Ireland: Hikes have led to 23% of earners paying 81% of tax, says institute
25 September 2014
Posted by: Author: Arthur Beesley
Authors: Arthur Beesley and Ciarán Hancock (The Irish Times)
Union-funded think tank argues against ‘flighty’ cuts in personal taxes
The Government received conflicting advice on next month’s budget as professional tax advisers welcomed moves to decrease the marginal tax rate while a trade union-funded think-tank argued against "flighty” income tax cuts .
The Irish Tax Institute said Ireland’s personal taxes were out of sync globally, especially when compared with countries which compete against the State for inward investment.
Andrew Gallagher, president of the Institute, said at a briefing that a succession of tax hikes introduced since the crash have resulted in a situation in which 23 per cent of income earners pay 81 per cent of the income tax raised this year .
"The exchequer is now more reliant on income taxes paid by fewer people in work, and Ireland has less people working but paying more tax on more of their income.”
Citing pressure on Ireland’s corporate tax regime as due to the OECD push to stamp out aggressive avoidance by multinationals, he called on Minister for Finance Michael Noonan to improve a special tax scheme for international executives on budget day.
Saying the OECD overhaul of global tax rules aims to align liability for corporate tax with business substance and activities, Mr Gallagher said both were determined "by senior people in multinationals whose location here is critical if jobs are to follow”.
The present Irish scheme, known as the special assignee relief programme, attracted only 15 applications in 2012, the Institute said. By contrast, it said the Dutch authorities receive between 10,000 and 12,000 applications per year for their equivalent scheme.
Meanwhile, the Nevin Economic Research Institute reiterated its view that there needs to be an €800 million adjustment on budget day.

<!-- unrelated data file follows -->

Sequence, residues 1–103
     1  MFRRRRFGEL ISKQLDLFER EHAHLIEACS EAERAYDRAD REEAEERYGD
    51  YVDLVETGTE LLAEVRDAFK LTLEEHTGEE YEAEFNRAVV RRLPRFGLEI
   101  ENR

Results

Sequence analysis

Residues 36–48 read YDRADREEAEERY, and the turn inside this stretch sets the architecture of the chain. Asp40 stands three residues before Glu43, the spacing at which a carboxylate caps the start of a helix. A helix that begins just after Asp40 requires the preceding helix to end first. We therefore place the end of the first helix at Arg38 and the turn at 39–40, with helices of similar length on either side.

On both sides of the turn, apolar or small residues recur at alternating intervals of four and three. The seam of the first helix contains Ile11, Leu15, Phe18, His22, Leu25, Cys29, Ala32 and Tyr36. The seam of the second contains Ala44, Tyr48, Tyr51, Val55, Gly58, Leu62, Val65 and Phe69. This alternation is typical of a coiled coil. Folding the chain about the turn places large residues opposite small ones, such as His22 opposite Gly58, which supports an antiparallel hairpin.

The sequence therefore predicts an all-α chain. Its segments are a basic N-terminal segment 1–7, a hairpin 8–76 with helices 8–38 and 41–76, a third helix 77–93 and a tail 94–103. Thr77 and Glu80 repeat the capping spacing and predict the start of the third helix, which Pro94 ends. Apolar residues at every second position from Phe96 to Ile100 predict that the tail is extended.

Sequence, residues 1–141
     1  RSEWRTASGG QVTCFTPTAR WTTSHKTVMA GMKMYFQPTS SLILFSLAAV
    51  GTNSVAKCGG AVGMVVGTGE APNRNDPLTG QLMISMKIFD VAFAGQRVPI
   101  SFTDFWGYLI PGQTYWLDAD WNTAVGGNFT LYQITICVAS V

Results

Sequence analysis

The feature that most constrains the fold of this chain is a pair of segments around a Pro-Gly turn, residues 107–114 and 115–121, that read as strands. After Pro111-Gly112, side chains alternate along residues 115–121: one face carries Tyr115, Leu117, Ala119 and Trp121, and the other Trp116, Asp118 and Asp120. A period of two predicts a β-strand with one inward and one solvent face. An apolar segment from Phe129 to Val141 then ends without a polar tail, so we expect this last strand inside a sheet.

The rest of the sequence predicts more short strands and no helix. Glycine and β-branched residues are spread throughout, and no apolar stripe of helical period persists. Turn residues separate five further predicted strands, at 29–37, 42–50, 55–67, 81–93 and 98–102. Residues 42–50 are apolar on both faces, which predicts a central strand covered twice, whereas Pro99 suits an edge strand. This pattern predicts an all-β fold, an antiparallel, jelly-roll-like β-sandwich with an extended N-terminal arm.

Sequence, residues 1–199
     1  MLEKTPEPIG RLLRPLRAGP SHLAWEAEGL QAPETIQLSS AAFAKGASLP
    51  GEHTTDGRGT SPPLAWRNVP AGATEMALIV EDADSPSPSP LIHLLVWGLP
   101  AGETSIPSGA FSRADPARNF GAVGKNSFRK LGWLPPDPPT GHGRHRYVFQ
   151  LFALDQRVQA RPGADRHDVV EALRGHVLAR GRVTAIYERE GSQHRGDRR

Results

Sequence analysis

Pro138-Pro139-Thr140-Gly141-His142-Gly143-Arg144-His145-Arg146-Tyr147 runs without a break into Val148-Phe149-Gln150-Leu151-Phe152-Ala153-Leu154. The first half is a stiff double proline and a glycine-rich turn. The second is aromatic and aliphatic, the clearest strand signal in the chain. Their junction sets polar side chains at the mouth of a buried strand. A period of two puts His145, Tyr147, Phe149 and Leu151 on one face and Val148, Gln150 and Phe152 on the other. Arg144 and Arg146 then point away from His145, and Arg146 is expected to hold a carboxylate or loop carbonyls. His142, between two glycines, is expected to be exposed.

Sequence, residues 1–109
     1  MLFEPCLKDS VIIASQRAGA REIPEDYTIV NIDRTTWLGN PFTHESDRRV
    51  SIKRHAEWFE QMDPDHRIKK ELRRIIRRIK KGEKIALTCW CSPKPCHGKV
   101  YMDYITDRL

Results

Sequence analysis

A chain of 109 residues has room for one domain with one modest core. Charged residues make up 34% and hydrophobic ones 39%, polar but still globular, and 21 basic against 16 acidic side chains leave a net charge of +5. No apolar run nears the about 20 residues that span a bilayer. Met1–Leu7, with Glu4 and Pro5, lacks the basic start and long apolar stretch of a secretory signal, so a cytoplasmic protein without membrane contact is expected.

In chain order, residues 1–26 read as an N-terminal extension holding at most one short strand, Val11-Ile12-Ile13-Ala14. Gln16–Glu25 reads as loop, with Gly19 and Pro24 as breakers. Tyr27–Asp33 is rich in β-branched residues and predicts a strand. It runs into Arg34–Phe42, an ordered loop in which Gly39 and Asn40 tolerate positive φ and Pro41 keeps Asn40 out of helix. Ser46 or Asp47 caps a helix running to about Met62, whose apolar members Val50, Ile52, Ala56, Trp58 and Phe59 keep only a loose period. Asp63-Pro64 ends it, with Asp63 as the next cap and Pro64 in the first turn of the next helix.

This body, funded by trade unions, said such an adjustment was largely accounted for through the introduction of water charges. It expects the water tax to yield €370 million and believes €150 million in savings will be achieved via the Haddington Road pay deal with the public service.This body, funded by trade unions, said such an adjustment was largely accounted for through the introduction of water charges. It expects the water tax to yield €370 million and believes €150 million in savings will be achieved via the Haddington Road pay deal with the public service.
Neri also wants an increase in employers’ PRSI on the portion of annual income over €100,000, from 10.75 per cent currently to 17 per cent. It said this would affect just 45,000 employees and could generate €100 million a year for the State.
It argues that "flighty” cuts in personal taxes should not be implemented in the budget. "There is no scope for reducing the overall level of taxation in the medium term without causing damage to public services,” it stated. It said a reduction in the 41 per cent top rate of tax would benefit only about 18 per cent of taxpayers.
Neri argues that the Government should instead focus attention on capital spending. It calls for 3 per cent of GDP to be spent on public capital investment projects over the next few years and said there was a "strong case” for the Government to borrow to fund social housing, education and high-speed broadband infrastructure. In its autumn economic update, Neri is forecasting that GDP will rise by 5 per cent this year, by 3 per cent in 2015 and by 2.9 per cent the following year.
It expects the unemployment rate will average 11.5 per cent this year, and reduce to 9.8 per cent by the end of 2016.
This article first appeared on irishtimes.com.